There is currently nowhere for students to wash their hands after using the latrines or before eating lunch, let alone the water to do so.

The student health club will oversee the 2 new handwashing stations we will provide, and make sure they are kept clean and in working condition. The club leaders will fill the handwashing stations with water daily and make sure they are always supplied with a cleaning agent such as soap or ash.

VIP Latrines

2 triple-door latrine blocks will be constructed with local materials that the school will help gather. 3 doors will serve the girls while the other 3 will serve the boys. All of these new latrines will have cement floors that are designed to be easy to use and to clean. And with a rain tank right on school property, there should be enough water to keep them clean.


We will hold a 1-day intensive training on improved hygiene, health, and sanitation habits at this school. Our team of facilitators will use a variety of methods to train students and staff on a wide range of topics, including participatory hygiene and sanitation transformation (PHAST) and asset-based community development (ABCD). We will initiate a child-to-child (CTC) student health club, which will prepare students to lead other pupils into healthy habits at school and at home. We will also lead lectures, group discussions, and provide illustrative handouts to teach health topics and ways to promote good hygiene practices within the school including handwashing and water treatment. We will then conduct a series of follow-up trainings before transitioning to our regularly scheduled support visits throughout the year.

Project Updates

February, 2020: Mwichina Primary School Project Complete!

Mwichina Primary Schoo School in Kenya now has access to a new source of safe, clean water thanks to the completion of their rain tank, which has the ability to collect 50,000 liters of water. We installed new latrines and handwashing stations for students, and we trained students and staff on improved sanitation and hygiene practices. All of these components work together to unlock the opportunity for these students to live better, healthier lives.

Girls celebrate the newly completed rain tank

Rain Tank

Construction for this 50,000-liter rain tank was successful!

Parents, staff, and students helped our artisans gather everything needed for construction. All the while, the school cooks prepared meals for the artisans, and the school provided accommodations for the artisans during their work. Local women and men helped our artisans with their manual labor, too.

Boys help carry lumber to the construction site

The process officially began with our staff and school administration looking around the school compound to try and determine the best location for a new rain tank. This needed to be the best site with good, clean roofing to catch the rainwater.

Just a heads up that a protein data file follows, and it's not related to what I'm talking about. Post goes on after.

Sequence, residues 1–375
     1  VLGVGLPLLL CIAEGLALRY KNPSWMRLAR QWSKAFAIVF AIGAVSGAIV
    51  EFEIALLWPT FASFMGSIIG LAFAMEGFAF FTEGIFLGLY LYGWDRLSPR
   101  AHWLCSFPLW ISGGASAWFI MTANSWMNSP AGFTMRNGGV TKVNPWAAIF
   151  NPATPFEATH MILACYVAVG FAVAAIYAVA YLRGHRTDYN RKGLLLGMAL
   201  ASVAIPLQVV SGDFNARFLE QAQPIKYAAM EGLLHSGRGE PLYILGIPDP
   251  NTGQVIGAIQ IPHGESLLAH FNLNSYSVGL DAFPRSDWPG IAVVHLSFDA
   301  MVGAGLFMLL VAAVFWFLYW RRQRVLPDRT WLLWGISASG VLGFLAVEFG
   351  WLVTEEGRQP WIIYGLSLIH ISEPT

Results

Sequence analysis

Then, we cleared the site by excavating the soil within the required measurements to make level ground for the tank foundation. The foundation was cast by laying hardcore on level ground and then reinforcing it using steel, concrete and waterproof cement.

Girls help pour water into the rain tank foundation

Both the drawing pipe as well as the washout pipe were affixed as the foundation was laid. The wall was built with ferro-cement techniques through 6 layers. The inner wall was plastered while rough casting was done on the outer part. Finally, the catchment area was dug, plastered, and a staircase installed.

Central support pillar sticks out from cemented rain tank while artisan digs access area

Dome construction could begin after the superstructure had been given enough time to settle. The manhole cover was fitted, inlet pipes were connected to the roof gutters, inlet screens, ventilation pipes (breathers) and overflow pipes were all done to standard.

Cutting wire and sugar sack dome structure to fit the tank before cementing

Once finished, the tank was given 3 weeks to undergo complete curing before it was cleaned and handed over to Mwichina Primary Schoo School, though we will continue to offer them unmatchable support as a part of our monitoring and maintenance program.

The celebration was a great chance for us to acknowledge the school administration and students as the primary parties entrusted with the tools we’ve given, as well as remind them of our continued support as they develop.

The Head Teacher, school staff, Board of Management, and pupils all acknowledged the contribution our team had made to the school. Finally, the school community was given full authority to manage all of the WaSH projects.